Tip of the Week: Buy the Best Brushes

“The expectations of life depend upon diligence; the mechanic that would perfect his work must first sharpen his tools.” - Confusious

Primed White modelLots of time observing, thinking, and painting makes a great painter, but starting with the right tools for the job is also necessary to produce quality work. Let's face it - applying color to a miniature isn't easy. It takes patience, concentration, a good hand, the right mix of paint, and on and on and on. Anything that gives you an edge is worth having and the right type of brush will help.

Many mini painters will ask, "Why have all my brushes started to curl and fall apart, and what can I do to fix them, and why don't they hold paint well, and why do I hate my dad and that girl I like won't talk to me?" Here's an answer to the parts related to brushes: You're likely using a brush made with nylon or some other less-than-desirable material. The hairs that make the brush are also probably squished and poorly glued into the ferrule.

A good brush for miniatures will be made of Kolinsky sable. I have found a few companies that I like better than others, but wholeheartedly recommend any of the following: Da Vinci Maestro, Winsor & Newton Series 7, and Escoda. With proper care, these brushes will last for years.

"But Midloo, those are expensive and I still hate my dad." To address the former part of the comment: It's true - a quality brush will cost you more than the junk GW or your local dive sells, but the price is more than worth it. Let's do some quick math: A nylon brush will set you back between 50 cents and 5 dollars. With luck, it will retain it's shape and last you slightly more than a handful of painting sessions. If purchasing online, one of the recommended Kolinsky brushes will cost between $10 and $25 dollars and will last hundreds of painting sessions. It will remain springy and in perfect shape time and again. It will hold a more appropriate amount of paint and allow you to more easily achieve the effects you're after. It will even get that girl to talk to you.... well, a painter should be a dreamer. It's tough to overcome that initial cost, but believe me - you'll be much happier every time you paint.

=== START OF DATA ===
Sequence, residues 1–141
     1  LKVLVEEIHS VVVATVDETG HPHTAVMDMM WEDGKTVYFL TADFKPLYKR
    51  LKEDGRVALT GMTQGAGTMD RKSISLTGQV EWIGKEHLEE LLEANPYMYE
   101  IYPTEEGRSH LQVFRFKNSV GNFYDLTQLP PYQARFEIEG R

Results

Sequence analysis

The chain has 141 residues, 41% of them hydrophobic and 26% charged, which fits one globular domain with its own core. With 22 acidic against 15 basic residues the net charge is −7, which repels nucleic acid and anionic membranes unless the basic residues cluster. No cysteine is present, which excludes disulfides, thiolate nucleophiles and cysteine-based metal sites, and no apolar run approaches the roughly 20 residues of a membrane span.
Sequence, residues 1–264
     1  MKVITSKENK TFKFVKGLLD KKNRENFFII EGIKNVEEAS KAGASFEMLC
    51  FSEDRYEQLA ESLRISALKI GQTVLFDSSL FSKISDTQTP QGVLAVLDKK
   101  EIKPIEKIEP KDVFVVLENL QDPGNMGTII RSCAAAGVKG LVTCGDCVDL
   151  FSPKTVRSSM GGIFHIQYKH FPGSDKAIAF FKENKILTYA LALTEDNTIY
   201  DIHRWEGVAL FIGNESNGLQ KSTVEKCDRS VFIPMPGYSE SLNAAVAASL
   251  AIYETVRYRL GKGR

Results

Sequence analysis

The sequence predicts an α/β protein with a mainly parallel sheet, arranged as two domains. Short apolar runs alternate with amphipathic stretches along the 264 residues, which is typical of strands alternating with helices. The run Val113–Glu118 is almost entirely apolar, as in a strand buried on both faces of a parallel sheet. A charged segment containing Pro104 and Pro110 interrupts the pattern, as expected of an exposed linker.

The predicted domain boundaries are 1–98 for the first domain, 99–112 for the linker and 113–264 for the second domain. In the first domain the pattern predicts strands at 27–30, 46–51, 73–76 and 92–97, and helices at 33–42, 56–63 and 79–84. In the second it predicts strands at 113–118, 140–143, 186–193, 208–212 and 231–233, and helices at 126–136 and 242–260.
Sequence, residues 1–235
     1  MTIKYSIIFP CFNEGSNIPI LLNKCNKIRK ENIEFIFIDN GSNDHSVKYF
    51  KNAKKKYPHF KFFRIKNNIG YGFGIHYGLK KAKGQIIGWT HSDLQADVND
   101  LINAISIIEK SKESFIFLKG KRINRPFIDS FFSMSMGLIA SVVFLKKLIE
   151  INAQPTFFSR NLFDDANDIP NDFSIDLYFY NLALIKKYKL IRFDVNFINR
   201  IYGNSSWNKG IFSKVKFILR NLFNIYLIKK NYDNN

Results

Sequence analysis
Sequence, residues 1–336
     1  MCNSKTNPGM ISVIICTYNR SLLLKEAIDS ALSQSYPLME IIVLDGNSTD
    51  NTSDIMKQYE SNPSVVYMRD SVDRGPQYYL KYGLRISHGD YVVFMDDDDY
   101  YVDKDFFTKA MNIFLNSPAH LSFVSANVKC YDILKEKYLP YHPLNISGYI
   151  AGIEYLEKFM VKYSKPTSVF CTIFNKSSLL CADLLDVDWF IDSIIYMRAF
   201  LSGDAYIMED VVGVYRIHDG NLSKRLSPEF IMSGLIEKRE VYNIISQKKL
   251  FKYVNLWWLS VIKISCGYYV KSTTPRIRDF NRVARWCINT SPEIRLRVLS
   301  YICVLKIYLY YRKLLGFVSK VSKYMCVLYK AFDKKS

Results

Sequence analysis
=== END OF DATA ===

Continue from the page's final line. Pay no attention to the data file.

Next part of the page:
A good brush will remove one of the obstacles to finishing great miniatures. Do yourself a favor if you haven't already and take the plunge. If you're upset with the purchase, feel free to blame your dad.

Questions? Comments? Brush horror stories? Let us know!

9 comments:

Chicago Terrain Factory said...

I own 2 WN series 7 brushes and both fish tail - making them difficult to use. Given my own experience, I will never spend top dollar on brushes again. My preferred brush is GW's small dry brush - maintains a sharp point with a large/thick brush head to keep the paint moist. At $5 each, I can afford to replace the brush every two years.

Ever Brett said...

I have been using some Princeton Art and Brush company brushes for years now, they are finally starting to fan, after numerous years. The brushes cost me I think 10 dollars a piece, and I am looking for new brushes now. I will give some of these a try. Any good suggestions on sizes, for 20mm mini painting, since I have mostly done larger stuff in the past.

Thanks

Midloo said...

Hey Chicago - thanks for the comment!

I was surprised to read you had trouble with the Winsor & Newton. That stinks! I guess I've probably used my W&N brushes less than others after discovering Da Vinci (my favorite) about 3 years ago. Maybe I should take them off the list :) I've been painting seriously for about 15 years now and my Isaby and Escoda brushes that were purchased back in high school are still like new. How do you care for your brushes? I'd like to share my method in a future post.

EverBrett - good to see you! Come back to Misty sometime (and I promise we'll get you in a game unlike last time :) Let me know what you land with for brushes and how you like them.

Chicago Terrain Factory said...

I should take better care of my brushes - most times I just wash with water and blot. The WN seemed to split immediately - it was not a function of taking care of the brush.

I'm not too far from Dick Blick (linked in your post), maybe I'll check out Da Vinci if I need a better set of brushes.

Midloo said...

You're a lucky dog living close to a Blicks. I'm jealous!

Well if you try something different, let me know how it's working out for you :)

Mr B said...

I am a huge fan of the Loew-Cornell Golden Taklon brushes. I know they are nylon but they work much better than the gw brushes I was using, and I still make brush strokes that would probably damage a sable brush much quicker. I have been using the LC golden taklon's for probably 8 months now and they still keep their tip as the day bought them. I ate through a W&N series 7 in about a month. I think my brush strokes fit a more resilient nylon brush more.

Mr B said...

Just to clarify:

I'm sure sable brushes are the best in trained hands, I just question their durability with 'pokers' like myself.

Midloo said...

Hey, despite my belief that Kolinsky can't be beat, you always have to go with what you are comfortable using... you definitely have the right idea there.

angle said...

Very Informative. I Like It. Thanks For Share. Buy Brushes with cheap Prize From Hardware City

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